Notes on the Grippe

Being an accounting of the recent and continuing pandemic and its various circumstances, from the perspective of an inhabitant of the regions lately called the Lost Quarter. Dates unknown.

Day Thirty Three

The sun is bright, the day is warm and beckoning, my plants are sprouting green shoots up through the earth, and yet all I feel is a cold, withering chill. Something sits upon my chest, a weight that cannot be borne. It follows me wherever I go, shadowing my thoughts. It is there and not, like the grippe reborn, a presence without substance.

I go to the window and stare out at the clear blue sky, watching birds in flight, but it all leaves me empty. I stare at people going by, at ease and at their pleasure, and I feel nothing. There is an ache in my head and a tingling numbness creeping into the tips of my fingers.

My love is laughing in another room at something or other. Normally that would bring a smile to my lips, but not today. I barely hear it, my thoughts are elsewhere.

I recall as a young man I worked for a time on the family smallholding. We had pieces of land spread far across that lonely part of the Lost Quarter. Often I was tasked with moving this or that between them, or going out to fetch whoever was working the fields that day to return them home. I have always been poor with directions though and frequently lost myself on the trails and pathways I had to take, all of them looking the same to me, lined by fields and pastures and the odd habitation, the plains stretching on for as far as the eye could see.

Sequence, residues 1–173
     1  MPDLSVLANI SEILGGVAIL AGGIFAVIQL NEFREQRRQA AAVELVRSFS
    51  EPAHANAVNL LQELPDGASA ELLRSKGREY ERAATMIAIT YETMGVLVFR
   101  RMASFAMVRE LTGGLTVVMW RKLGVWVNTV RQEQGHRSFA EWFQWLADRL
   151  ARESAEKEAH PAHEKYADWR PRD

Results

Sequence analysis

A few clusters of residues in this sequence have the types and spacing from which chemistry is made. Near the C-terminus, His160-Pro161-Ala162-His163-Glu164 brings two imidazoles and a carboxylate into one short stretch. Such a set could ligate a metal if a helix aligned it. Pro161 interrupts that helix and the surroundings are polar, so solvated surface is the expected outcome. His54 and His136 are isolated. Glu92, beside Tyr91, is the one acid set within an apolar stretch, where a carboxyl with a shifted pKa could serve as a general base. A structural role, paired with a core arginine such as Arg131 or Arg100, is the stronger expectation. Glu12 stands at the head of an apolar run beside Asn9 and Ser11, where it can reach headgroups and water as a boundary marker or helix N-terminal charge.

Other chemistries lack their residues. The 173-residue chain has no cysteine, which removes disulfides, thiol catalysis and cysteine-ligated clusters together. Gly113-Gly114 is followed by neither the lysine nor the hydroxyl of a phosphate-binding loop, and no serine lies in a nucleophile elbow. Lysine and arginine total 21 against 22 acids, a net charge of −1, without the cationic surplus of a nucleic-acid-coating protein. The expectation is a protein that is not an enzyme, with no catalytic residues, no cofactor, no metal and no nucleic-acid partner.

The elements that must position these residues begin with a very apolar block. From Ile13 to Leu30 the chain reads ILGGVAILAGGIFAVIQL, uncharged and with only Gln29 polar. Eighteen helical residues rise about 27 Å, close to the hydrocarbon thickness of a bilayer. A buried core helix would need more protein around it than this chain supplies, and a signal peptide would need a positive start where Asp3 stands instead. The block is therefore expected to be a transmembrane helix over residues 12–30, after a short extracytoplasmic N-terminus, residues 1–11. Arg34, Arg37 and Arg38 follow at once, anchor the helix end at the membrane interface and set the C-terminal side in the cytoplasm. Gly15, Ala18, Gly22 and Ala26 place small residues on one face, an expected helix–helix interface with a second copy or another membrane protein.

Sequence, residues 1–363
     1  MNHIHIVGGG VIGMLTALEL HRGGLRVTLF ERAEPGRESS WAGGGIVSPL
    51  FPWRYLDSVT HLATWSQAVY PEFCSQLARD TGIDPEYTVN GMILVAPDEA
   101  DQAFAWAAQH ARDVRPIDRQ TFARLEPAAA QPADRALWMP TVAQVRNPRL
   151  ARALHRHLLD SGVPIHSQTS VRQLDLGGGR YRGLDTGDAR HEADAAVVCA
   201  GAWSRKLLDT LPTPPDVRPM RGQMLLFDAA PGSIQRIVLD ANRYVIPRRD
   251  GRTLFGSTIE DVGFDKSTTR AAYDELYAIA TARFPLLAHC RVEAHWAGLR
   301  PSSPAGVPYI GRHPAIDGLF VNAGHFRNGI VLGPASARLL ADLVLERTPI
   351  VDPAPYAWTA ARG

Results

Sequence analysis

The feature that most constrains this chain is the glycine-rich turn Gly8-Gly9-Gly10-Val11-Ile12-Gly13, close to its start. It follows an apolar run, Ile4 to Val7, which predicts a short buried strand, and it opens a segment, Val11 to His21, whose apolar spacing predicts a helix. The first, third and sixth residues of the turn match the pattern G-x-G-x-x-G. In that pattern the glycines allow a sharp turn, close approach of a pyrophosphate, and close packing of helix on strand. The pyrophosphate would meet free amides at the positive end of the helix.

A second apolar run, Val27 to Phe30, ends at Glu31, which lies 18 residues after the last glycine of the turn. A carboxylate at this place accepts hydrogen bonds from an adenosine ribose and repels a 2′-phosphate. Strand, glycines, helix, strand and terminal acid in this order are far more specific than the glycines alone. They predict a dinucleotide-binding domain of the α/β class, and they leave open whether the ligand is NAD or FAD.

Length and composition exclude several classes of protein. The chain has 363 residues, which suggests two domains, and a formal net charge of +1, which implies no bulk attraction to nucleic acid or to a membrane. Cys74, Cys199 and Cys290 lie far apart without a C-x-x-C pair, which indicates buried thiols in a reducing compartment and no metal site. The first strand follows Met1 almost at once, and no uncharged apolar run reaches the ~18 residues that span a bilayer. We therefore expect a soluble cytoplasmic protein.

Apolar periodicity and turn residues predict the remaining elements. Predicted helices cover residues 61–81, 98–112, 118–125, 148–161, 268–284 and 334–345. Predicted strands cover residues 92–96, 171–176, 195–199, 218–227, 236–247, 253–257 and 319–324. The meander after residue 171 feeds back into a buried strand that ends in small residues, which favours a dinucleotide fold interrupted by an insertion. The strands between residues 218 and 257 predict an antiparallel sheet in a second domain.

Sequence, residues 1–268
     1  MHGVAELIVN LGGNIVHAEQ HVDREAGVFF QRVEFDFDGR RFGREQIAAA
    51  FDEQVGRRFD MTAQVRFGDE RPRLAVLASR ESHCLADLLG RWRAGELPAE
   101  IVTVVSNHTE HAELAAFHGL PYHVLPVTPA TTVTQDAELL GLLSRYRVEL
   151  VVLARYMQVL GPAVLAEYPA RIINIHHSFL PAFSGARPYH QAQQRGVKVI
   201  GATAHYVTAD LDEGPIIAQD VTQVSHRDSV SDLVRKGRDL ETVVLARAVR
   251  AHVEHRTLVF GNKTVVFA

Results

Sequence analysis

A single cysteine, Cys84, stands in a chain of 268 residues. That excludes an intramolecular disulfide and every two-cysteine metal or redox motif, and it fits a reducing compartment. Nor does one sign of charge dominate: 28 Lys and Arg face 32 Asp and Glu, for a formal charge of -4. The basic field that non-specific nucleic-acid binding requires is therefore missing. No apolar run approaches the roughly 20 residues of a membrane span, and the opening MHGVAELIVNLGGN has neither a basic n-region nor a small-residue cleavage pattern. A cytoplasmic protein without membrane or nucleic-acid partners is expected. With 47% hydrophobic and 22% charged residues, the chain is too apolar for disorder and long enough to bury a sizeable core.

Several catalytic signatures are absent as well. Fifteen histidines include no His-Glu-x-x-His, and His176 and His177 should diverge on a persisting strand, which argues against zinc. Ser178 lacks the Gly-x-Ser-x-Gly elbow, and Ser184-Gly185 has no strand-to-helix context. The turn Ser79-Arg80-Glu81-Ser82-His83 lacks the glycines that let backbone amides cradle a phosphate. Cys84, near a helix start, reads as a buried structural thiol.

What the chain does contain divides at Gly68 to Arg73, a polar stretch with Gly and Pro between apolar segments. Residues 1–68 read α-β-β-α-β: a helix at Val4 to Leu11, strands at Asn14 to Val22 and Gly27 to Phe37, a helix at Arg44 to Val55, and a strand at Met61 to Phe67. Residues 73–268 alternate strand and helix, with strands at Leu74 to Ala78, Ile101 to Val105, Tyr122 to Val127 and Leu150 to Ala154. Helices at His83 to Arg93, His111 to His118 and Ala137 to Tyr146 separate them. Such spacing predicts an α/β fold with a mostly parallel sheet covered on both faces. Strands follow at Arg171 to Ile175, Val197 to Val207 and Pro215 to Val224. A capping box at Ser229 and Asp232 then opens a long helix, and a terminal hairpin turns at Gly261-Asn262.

These places all had names, though the meaning of them was lost to me, and the markers they referred to were long vanished. There was Millers, so named for the wheat mill that had once stood somewhere on that land. Glover’s Lake, a former beach spot where a famous glover from Sweden had set up shop and sold his finery to all those who passed their Sunday afternoons by the water. The Lease, referring to some land bartered from one cousin to another of no relation to my people. The Old Place, which I have already mentioned, and where nothing now stood.

How was I to sort out these far-flung places? It was my grandmother who did so, drawing me a map, marking the roads and the places, noting the landmarks I would pass. I kept it with me at all times, folded in one of my pockets. Whenever I was lost I would pull it out and study it and somehow I would be able to figure out where I was and the direction home. 

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